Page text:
How to use Google Drive as a video library system.
We currently run a popular video library system in our school, but felt that our current usage did not justify the outgoing costs. We wanted something much more flexible without the management overheads involved with editing and converting video. After looking at a range of video library systems the solution came in an unexpected form.
What we want from our Video Library
- Teachers and students to be able login with their Active Directory accounts.
- As little administrative overhead as possible — we didn’t want to be micro-managing video uploads, chaptering etc.
- Automatic conversion of videos to suitable formats.
- Able to view videos through a web browser and on mobile devices.
- We wanted to easily get our content out if we decided to move to a new system in future.
- Control downloads.
- Address copyright and data protection concerns.
- Keep costs low.
Previously we employed a member of staff solely to import and manage all of our video content. This worked well, but due to cost reductions we no longer have this luxury. We needed to distribute management of the system to allow teachers to upload their own video content.
We spent a lot of time looking at market leaders as well as open source options, most notably Clickview, PHPMotion, and Mediacore, but none of them really addressed our concerns of cost and management overhead.
It quickly became clear that we needed a system that was simple and far more flexible than the above options. After a bit of tinklering around one day I realised that Google Drive could address many of our problems. It allows users to login with their domain accounts, converts and scales video automatically, and is mobile friendly.
If you require a full video library system with chaptering, editing, etc. Google Drive isn’t for you, but as a way of quickly, cheaply, and easily uploading, storing, and sharing video content it works very well.
Using Google Drive as a Video Library
First create a Google Apps account specifically for your video library. You’re potentially going to be storing a lot of data, so it’s wise to keep it separate. By default you get 15GB of storage in your Google Drive account, depending on how much storage space your videos take up you may need to purchase more. Find out more about Google Drive storage costs here.
Create a folder in Google Drive and upload your videos. It’s useful to organise them into folders to make searching easier.
Video files can be uploaded through the web browser or, if you have Google Drive desktop sync enabled on your Google Apps domain, you can upload all your videos from your computer.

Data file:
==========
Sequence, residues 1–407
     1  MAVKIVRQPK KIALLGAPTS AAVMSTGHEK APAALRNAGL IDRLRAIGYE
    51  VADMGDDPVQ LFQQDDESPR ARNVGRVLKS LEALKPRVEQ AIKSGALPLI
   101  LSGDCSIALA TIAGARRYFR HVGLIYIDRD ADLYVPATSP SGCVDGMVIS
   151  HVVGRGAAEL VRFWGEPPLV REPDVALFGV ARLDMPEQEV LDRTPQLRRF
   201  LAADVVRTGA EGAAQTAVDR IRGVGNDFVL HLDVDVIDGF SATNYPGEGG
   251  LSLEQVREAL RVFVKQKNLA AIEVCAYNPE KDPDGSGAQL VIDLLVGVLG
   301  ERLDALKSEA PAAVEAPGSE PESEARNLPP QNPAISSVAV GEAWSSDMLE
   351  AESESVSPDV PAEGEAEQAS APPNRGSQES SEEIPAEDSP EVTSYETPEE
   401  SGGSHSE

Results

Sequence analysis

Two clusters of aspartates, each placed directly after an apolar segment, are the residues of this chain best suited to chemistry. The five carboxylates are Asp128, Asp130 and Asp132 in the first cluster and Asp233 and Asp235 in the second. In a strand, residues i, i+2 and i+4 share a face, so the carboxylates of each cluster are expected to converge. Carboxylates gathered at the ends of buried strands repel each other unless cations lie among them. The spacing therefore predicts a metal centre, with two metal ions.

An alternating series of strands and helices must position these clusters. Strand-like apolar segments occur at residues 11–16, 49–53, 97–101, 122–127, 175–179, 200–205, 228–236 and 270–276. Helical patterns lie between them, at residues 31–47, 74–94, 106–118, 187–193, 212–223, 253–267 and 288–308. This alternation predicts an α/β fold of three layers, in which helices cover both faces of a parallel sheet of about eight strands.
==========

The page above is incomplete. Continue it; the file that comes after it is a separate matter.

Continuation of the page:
Depending on the type of content you’re storing you may want to prevent users downloading videos. You can do this by right clicking the relevant files and selecting “Prevent viewers from downloading.” This means that viewers can stream the video, but not download and edit it.
You can then share your video library folder with your school. Choose the “People at organisation who have the link can view” option.
It’s not a good idea to share this folder publicly unless you can guarantee that you have the right to freely distribute the content and that the videos meets all data protection requirements. Requiring your users to login to your school’s Google Apps account ensures that the viewer is a member of your organisation.
The shared link will display videos in Google Drive’s folder view. This gives the viewer a really nice, clean view of the video library and makes accessing videos very simple.
There is also an option to “Open in Drive”, which adds the video library folder to the user’s standard Google Drive view and allows for search and normal folder browsing.
Uploading and Converting Videos with Google Drive
Google Drive supports upload and conversion of the following video formats:
WebM files (Vp8 video codec; Vorbis Audio codec)
MPEG4, 3GPP and MOV files – (h264 and mpeg4 video codecs; AAC audio codec)
AVI (MJPEG video codec; PCM audio)
.MPEGPS (MPEG2 video codec; MP2 audio)
.FLV (Adobe – FLV1 video codec, MP3 audio)
Google Drive automatically adjusts the resolution of playback to meet the viewer’s requirements, but you may want to use software such as Format Factory to reduce the storage space videos take up.
Use free services, such as Pixorial, to edit your videos within Google Drive.
Each file in Google Drive that isn’t shared publicly can have a maximum of 200 simultaneous viewers — if this is a concern for your school this may not be the system for you.
This system is reliant on a good Internet connection. The advantage of having a locally hosted video library is that any video will just be being streamed across your network. Google Drive streams all video via your Internet connection, so make sure you have sufficient bandwidth to meet the needs of your users.
If you’re hosting more than 30GB of videos you will need to pay for additional Google Drive storage. It will cost significantly less than buying in a system or the overhead of managing an open source option, but it’s not free.
Google Drive will only allow files under 10GB to be uploaded. If you’re uploading videos greater than 10GB in size you’re probably looking for a professional system!
You, of course, need to be cautious of copyright restrictions and that you are meeting your ERA licensing requirements.